Good Boy!
review by Dan Lybarger, 10 October 2003

Because Good Boy! involves talking dogs who are far more advanced that the people who are their alleged masters, it's easy to dismiss it as a knock off kid flicks like Cats and Dogs.

While there's not much to get excited about with the new film, it does have some interesting touches that set it apart from its predecessors. These bits don't make it great entertainment, but they put a grin on your face in a way that the other films couldn't.

The first and most important is that director John Hoffman uses special effects to serve the story, whereas Cats and Dogs went overboard with giving the animals James Bond-like gadgets and practically bludgeoned viewers with the images.

Working with the folks at Jim Henson Productions, Hoffman and company treat the idea of dogs being intellectually superior to humans as a matter of fact. The dogs look as if they are actually talking, and the spaceships fly convincingly. Nonetheless, the filmmakers never feel the need to stop the tale's pacing in order to emphasize the cool effects they've created.

The story, adapted from Zeke Richardson's book Dog's from Outer Space by Richardson and Hoffman deals with an earnest lad named Owen Barker (nicely played by Liam Aiken from The Road to Perdition) who walks other people's dogs in the hope of later having one of his own.

His folks (Saturday Night Live veterans Kevin Nealon and Molly Shannon) restore old houses for a living, so the family is always moving and never settling any where long enough for Owen to make friends. Considering that most of the kids in his current neighborhood pick on him, it's easy to see why Owen would prefer the company of a dog.

When his folks are forced to let him have the pooch he's always wanted, Owen chooses a feisty little creature who interrupted the boy's walk by rousing the other animals. When the dog that he's named Hubble runs off, Owen follows him and hopes to take him back but discovers that the animal is working with strange electronic devices.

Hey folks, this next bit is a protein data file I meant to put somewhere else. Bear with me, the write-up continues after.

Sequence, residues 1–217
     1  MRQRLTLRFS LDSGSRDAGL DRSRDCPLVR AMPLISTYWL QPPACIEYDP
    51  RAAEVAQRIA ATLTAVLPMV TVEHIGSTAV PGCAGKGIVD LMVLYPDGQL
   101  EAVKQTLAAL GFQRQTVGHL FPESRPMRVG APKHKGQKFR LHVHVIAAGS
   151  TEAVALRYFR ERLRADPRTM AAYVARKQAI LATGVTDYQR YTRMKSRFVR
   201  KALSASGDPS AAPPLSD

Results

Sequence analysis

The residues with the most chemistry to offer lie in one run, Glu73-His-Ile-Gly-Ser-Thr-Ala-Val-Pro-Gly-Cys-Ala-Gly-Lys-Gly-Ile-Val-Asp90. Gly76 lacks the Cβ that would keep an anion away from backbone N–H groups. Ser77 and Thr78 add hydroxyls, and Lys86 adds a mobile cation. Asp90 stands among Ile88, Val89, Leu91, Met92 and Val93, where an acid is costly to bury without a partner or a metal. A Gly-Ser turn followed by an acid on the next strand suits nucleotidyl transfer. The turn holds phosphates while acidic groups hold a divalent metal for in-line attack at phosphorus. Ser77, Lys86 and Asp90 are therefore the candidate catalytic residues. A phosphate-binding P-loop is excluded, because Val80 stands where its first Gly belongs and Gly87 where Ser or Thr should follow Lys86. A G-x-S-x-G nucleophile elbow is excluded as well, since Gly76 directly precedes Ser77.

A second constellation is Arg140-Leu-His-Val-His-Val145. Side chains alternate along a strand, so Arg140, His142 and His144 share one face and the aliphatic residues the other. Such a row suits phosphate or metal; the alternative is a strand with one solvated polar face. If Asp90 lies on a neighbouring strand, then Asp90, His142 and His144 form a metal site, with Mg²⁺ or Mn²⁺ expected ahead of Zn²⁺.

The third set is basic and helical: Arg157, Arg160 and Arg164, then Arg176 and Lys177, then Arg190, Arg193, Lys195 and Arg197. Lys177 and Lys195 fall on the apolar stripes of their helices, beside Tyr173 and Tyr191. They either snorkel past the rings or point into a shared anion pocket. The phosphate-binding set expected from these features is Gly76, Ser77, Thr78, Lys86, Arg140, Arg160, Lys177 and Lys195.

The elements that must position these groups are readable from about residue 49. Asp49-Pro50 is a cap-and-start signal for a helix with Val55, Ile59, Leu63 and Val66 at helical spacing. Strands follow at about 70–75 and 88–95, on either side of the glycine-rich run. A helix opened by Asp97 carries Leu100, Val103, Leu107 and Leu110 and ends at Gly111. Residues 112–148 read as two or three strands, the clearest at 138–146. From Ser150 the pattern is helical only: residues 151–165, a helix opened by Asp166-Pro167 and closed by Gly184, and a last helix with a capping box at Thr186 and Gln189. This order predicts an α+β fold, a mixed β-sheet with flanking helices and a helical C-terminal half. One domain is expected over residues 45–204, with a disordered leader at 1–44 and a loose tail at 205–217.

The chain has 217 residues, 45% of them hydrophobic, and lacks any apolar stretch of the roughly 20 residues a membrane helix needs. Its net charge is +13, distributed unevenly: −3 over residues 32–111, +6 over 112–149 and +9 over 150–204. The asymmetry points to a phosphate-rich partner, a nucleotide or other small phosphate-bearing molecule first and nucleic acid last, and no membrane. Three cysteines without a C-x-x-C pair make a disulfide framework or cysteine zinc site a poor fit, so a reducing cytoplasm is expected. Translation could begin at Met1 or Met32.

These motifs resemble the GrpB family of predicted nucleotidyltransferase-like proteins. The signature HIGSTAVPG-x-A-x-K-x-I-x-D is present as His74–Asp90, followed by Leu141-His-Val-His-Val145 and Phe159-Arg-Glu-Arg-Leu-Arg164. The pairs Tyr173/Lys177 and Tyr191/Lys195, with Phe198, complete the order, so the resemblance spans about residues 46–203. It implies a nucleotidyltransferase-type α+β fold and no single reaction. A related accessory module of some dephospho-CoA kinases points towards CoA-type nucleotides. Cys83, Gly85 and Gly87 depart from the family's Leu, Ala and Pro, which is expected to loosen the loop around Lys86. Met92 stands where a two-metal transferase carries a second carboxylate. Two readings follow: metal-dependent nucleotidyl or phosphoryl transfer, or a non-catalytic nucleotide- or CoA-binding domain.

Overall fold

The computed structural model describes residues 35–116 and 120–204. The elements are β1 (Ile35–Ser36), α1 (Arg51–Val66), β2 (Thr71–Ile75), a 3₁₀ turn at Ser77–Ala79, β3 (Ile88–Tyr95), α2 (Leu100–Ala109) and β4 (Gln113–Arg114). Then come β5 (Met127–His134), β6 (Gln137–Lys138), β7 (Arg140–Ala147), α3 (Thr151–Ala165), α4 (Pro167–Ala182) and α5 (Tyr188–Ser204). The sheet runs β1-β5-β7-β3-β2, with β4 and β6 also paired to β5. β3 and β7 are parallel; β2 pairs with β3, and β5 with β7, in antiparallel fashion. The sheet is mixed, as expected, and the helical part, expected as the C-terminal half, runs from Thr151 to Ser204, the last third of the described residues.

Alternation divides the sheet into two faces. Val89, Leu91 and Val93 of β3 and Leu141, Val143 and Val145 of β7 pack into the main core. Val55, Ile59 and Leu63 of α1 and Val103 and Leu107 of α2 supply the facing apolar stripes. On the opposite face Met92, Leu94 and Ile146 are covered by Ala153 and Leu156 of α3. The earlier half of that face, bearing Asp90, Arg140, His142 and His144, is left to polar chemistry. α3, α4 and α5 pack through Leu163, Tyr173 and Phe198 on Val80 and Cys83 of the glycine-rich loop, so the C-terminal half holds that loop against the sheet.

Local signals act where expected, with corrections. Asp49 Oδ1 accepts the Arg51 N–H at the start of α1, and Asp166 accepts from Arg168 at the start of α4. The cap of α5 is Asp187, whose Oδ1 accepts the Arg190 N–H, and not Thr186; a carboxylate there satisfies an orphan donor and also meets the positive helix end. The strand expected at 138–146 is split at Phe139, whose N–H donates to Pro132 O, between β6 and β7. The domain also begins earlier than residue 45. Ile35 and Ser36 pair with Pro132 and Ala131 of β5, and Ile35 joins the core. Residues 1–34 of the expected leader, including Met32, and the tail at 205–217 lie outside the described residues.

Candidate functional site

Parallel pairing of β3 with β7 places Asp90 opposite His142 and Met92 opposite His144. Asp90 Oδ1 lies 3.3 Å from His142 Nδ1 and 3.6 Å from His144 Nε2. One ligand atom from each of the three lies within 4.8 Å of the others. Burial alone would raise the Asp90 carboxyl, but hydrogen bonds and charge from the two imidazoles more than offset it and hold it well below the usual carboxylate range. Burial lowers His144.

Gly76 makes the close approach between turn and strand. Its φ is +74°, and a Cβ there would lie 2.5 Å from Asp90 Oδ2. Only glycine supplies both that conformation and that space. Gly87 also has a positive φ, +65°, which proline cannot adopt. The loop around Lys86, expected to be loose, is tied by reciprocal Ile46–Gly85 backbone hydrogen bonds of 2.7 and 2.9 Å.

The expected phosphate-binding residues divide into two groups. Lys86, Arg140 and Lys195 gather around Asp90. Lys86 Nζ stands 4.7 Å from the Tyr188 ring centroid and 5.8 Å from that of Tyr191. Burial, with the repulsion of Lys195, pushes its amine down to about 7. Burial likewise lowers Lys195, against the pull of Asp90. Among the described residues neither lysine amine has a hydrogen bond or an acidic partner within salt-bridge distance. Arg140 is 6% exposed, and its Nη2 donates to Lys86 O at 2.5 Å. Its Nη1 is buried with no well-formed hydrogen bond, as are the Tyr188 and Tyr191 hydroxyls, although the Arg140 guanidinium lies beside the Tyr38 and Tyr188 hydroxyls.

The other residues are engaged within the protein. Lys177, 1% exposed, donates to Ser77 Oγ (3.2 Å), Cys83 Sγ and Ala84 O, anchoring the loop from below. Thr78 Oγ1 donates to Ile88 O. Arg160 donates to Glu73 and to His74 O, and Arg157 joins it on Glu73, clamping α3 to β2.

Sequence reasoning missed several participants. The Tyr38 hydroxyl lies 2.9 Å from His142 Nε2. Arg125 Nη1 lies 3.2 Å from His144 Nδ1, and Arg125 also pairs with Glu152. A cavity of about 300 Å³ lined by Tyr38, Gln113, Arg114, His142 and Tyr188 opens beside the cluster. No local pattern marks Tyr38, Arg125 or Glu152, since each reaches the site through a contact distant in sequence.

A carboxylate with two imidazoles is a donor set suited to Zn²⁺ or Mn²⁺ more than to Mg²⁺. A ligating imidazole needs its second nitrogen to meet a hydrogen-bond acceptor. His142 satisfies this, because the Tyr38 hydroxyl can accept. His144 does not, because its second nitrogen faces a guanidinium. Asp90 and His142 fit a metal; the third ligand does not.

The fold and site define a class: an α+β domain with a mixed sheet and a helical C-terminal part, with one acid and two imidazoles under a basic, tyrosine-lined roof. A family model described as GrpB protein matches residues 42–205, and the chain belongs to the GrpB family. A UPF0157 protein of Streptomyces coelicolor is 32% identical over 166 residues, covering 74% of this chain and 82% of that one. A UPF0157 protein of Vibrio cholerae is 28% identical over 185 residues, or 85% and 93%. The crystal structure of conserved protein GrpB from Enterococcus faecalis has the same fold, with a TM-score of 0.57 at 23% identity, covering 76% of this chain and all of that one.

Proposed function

Owen then awakens and discovers that Hubble speaks (with Matthew Broderick's voice). In fact, he can now understand what all the dogs in his neighborhood are saying, and that the situation looks potentially grave.

Hubble's been sent from the dog star Sirius to determine if Earth's canine's have properly conquered Earth the way they've dominated other planets in the galaxy.

After talking with the other dogs Hubble becomes dismayed because Earth's dogs have become, well, pets. He and Owen diligently try to create a ruse of superiority before his superior, the Greater Dane (voice by Vanessa Redgrave) comes to Earth to prevent her from ordering all dogs back to Sirius for retraining.

Good Boy! is occasionally clever, but is never laugh out loud funny or gripping. Instead, it has a genial tone that usually carries the picture. Hoffman and Richardson do create a few clever moments. For example, Hubble recoils in horror when he discovers that toilets are not drinking vessels.

The most interesting thing about Good Boy! is the voice acting. The thespians selected to talk for the dogs give the animals distinct and clear personalities and do it so well that one expects the creatures to talk off screen. Delta Burke is almost typecast as a proud poodle, and Carl Reiner seems at home as a lazy mountain dog. The real standout, though, is Brittany Murphy (8 Mile) as an Italian greyhound named Nelly. Murphy's nervously high-pitched voice seems eerily at home in the dog's body.

Because Good Boy! manages to elicit some engaging moments from a seemingly timeworn setup, it feels more disappointing when the flaws surface. While it's obvious that people walk dogs for reasons other than exercise, there are a few too many jokes about feces and flatulence. Also the bullies who taunt Owen seem meaner than necessary. Some adults at the screening I attended recoiled when the cruel lads started throwing rocks at Hubble and his pals.

Good Boy! gives its viewers a lot more than the annoying trailers would imply and deserves special credit because, unlike the trailers, it lacks that annoyingly overplayed tune by the Baha Men.

Directed by:
John Robert Hoffman

Liam Aiken
Kevin Nealon
Molly Shannon
Matthew Broderick
Brittany Moldowan
Susan Bain
Hunter Elliott
Donald Faison
Brittany Murphy
Mikhael Speidel
Carl Reiner

Written by:
John Robert Hoffman
Zeke Richardson

PG - Parental
Guidance Suggested.
Some material may
not be appropriate
for children.






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